Brandon James is a dangerous kick returner. That much we already know. He has been especially effective against Tennessee, with a return for a touchdown each of his two games against the Vols. The one in 2006 was called back for a borderline penalty, but without the offending block #25 would have taken it to the house anyway.

John Adams from GoVolsXtra.com has decided that kicking to James is the riskiest thing Tennessee can do. Urban Meyer has warned that when you don’t punt the ball normally that you increase the risk of a block, and his Gators have been excellent in blocking punts and kicks. Adams doesn’t care; he says just don’t give him a chance.

Florida led the SEC in punt blocks last season, and they already have one against Miami that became a safety. If I remember right, they blocked something (a field goal, I think) against Hawai’i too but it didn’t count because of a penalty or timeout or something.

With Chris Rainey and Jeff Demps coming after them this season, the blocking unit may be the best yet. Let’s also not forget about James this year, who appears to be blossoming into a great all-around player without losing his touch on returns. He took one back in the first game, after all.

I expect Tennessee to be very fired up about this one. They have basically had this one circled since the last one ended, and just about all of their motivation in the off season has centered around the Gators, Tim Tebow, or the “Tennessee quit” theory.

If Florida’s line struggles to pick up blitzes again (which it shouldn’t thanks to Jim Tartt’s healthy return), long returns from James will help with field position. Taking one for a score would flip momentum too.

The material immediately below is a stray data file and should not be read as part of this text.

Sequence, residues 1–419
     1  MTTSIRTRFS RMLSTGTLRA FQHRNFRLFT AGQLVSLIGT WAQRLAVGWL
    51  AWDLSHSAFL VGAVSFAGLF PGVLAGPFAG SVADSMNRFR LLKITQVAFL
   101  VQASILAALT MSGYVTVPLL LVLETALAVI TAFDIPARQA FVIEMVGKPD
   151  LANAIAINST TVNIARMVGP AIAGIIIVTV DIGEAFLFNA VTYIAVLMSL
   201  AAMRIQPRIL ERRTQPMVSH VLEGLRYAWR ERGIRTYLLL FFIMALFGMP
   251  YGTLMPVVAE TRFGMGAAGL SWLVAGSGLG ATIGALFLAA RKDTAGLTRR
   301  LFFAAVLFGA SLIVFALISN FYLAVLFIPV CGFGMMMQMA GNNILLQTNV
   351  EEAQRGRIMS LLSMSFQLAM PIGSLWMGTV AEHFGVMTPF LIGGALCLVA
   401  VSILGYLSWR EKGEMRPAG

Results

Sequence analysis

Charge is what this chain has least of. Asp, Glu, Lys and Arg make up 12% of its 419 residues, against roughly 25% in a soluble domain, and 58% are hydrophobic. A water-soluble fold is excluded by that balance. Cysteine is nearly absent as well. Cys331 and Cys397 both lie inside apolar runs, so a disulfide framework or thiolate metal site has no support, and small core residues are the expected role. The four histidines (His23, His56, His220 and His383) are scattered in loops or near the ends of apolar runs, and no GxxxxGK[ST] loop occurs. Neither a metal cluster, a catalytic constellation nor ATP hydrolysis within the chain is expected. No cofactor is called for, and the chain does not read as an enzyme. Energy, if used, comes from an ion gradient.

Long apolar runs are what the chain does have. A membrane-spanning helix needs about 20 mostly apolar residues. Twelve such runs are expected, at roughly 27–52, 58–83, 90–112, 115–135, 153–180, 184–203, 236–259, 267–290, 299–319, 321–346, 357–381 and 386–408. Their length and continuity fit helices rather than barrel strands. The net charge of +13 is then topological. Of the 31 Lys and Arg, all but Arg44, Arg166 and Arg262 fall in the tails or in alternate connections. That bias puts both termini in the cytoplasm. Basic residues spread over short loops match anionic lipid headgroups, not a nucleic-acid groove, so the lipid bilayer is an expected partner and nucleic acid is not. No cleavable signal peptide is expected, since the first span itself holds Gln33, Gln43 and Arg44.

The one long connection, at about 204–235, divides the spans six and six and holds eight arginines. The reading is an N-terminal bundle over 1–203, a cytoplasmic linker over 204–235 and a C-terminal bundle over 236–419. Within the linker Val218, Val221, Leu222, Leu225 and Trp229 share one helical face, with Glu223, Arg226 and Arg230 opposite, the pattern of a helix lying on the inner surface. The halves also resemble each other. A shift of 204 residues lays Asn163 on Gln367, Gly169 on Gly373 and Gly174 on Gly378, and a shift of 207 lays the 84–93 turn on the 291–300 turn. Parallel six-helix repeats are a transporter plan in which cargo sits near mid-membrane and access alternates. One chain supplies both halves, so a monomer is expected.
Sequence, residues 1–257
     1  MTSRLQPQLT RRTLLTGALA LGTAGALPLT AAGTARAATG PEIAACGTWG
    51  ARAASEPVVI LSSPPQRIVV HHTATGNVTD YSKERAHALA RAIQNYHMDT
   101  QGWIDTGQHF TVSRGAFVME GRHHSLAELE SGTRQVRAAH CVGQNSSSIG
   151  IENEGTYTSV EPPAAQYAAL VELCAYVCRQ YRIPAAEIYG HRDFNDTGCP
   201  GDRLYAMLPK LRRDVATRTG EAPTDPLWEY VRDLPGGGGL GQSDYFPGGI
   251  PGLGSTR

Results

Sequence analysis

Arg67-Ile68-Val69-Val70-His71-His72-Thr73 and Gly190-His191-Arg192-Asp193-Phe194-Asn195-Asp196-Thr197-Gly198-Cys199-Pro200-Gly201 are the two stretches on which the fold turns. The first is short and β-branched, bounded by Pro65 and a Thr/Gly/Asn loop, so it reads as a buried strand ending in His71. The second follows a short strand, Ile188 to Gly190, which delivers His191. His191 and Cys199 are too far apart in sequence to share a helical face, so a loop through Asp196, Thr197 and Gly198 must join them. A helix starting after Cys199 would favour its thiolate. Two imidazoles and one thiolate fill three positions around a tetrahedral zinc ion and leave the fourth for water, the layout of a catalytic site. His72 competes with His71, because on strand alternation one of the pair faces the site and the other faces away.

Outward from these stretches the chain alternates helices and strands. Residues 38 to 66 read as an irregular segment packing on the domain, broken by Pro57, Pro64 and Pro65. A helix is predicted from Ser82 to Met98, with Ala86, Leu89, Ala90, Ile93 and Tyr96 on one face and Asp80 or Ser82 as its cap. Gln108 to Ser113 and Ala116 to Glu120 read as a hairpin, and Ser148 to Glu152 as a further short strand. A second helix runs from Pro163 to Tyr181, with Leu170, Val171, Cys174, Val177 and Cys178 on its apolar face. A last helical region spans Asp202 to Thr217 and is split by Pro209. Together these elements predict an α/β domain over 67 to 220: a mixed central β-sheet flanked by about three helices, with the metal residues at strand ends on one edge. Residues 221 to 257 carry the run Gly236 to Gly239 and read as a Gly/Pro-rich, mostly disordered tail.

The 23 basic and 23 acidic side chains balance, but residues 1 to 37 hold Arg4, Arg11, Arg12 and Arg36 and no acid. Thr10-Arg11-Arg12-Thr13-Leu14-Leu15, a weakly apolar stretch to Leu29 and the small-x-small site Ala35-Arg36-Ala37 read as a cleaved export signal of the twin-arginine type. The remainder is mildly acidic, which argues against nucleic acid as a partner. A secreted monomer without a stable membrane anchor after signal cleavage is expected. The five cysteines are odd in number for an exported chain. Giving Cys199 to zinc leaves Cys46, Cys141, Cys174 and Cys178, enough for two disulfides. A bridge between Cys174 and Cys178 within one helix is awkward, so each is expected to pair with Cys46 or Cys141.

Whether Tennessee kicks to him remains to be seen, but the Vols could be in for a world of hurt either way. It’s nice to have special teams good enough to be able to say that.


Long Plays Against Hawai’i

September 4, 2008

What broke the Warriors’ backs, what limited Florida’s number of offensive plays, and what made last Saturday’s game feel so disjointed was a lot of long plays.

The UF offense only had one drive where it really got into a rhythm because it of so many big plays. Of course, that’s the only reason you would want for not getting into a rhythm on offense. Just when you think they’re getting it going, Chris Rainey, Louis Murphy, or Jeffrey Demps ruin it by getting a touchdown on a 30-yard, 50-yard, or 60-yard play.

All told, Florida had six scores on plays that were 30 yards or more. Here’s a video montage that I put together of all of them, one after another:

My favorite part is Dave Archer saying that Urban Meyer “is not off the accelerator yet” right before Demps’ 62-yard run. Nope, and in fact it was about to be pushed to the floor by the ball carrier.

The best part to me of the whole thing was the blocking done by the defense on Ahmad Black’s 80-yard interception return. It’s the very last clip of them all. It shows that Meyer’s investment in great special teams play can pay off in other situations, as most of the guys out there had put time in on special teams somewhere along the line.

Black had a nice juke in the middle, but most of the rest of that return was caused by guys on defense blocking as though it was a punt or kickoff return. It’s those sorts of details that make me love football in general and that make me very hopeful for the rest of the Gators’ season.

Now, it will a lot more difficult to pull these kinds of things off against tougher opponents. UF won’t get that many big plays in every single game all year, though keep in mind that Percy Harvin and Aaron Hernandez still have yet to hit the field because of injury.